Monday, April 21, 2008


Napoleon and Whistler

I have just finished reading a book called “Napoléon et moi !” by the French art historian Jocelyne Rotily. It’s subject is the American impressionist painter James McNeill Whistler, focusing on the winter and spring of 1901 which he spent in Ajaccio.

As well as giving the reader a glimpse of the island’s capital at the turn of the last century (most of his Corsican paintings and etchings are reproduced in the appendix), the book also sheds an interesting light on the inner workings of Whistler’s mind. On the latter, I was intrigued to learn how deeply this American artist hated the British. It seems that some of Britain’s citizens were unwise enough not to elect him to membership of the Royal Academy, and for this the nation received a lifetime’s supply of his wrath. He castigated them in letters to his young sister-in-law and various influential friends, and even took pleasure at British setbacks in the Boer War.

Whistler had been advised to go to Corsica for a rest by a doctor whose opinion he valued, but the book left me with the feeling that he rejoiced in being there because it was the birthplace of Napoleon – Britain’s bitterest enemy from an all too recent past. I love Whistler’s work, but the quoted letters lead me to believe I wouldn’t much have liked this bitter and complex old man.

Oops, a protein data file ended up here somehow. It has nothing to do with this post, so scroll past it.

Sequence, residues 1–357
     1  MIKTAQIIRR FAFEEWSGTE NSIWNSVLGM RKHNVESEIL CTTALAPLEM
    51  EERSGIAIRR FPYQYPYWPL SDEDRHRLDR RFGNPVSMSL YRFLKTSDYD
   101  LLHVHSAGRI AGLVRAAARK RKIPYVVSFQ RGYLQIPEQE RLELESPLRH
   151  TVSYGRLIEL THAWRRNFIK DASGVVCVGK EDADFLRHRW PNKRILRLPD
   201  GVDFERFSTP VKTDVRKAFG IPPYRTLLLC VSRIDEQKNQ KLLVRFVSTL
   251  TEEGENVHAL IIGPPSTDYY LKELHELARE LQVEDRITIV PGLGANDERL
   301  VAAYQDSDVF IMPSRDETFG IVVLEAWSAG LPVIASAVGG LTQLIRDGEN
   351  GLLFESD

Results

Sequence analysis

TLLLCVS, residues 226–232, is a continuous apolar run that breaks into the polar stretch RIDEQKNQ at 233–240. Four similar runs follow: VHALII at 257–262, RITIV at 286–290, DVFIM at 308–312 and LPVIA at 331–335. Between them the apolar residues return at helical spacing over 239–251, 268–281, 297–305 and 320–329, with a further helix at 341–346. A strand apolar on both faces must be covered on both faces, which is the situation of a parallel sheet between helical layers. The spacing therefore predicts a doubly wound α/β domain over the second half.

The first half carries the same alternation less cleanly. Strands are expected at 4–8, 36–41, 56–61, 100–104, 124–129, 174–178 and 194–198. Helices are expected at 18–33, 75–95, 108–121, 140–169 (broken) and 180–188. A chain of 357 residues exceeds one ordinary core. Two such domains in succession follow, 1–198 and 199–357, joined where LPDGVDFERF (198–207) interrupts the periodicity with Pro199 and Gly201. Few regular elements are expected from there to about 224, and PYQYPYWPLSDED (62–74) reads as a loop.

Napoléon et moi ! James McNeill Whistler en Corse is published by ACFA editions and the author tells me that an English edition is planned. If you can’t wait, you can order the French version on A good read, backed by thorough research.

Sunday, April 20, 2008


Not much has changed

We watched a rerun of the Inspector Wexford programme that was set in Corsica last night (how sad is that - staying in on a Saturday night to watch a rerun?) From what I could observe from the numberplates on the cars, the original must have been filmed in about 1990.

I was surprised by how little had changed in the past 18 years. The shots of Calvi looked pretty much as they are now: even the one or two restaurants featured are still there. And in the closing shot, which looked like Ile Rousse, I'd swear that the wicker chairs in the Main Square are the same ones that we sat on last year. Of course it takes more than the intervention of a few human beings to make an impression on Corsica's glorious scenery, but it's still reassuring to see that Corsica's timelessness is being maintained.

By the way - for those of you who visit this blog every now and again, I'm sorry I've been neglecting it recently. I've been elsewhere in the world and my mind has been on other things. However, Corsica beckons in June and now normal service will be resumed.

This page is powered by Blogger. Isn't yours?

counter customizable free hit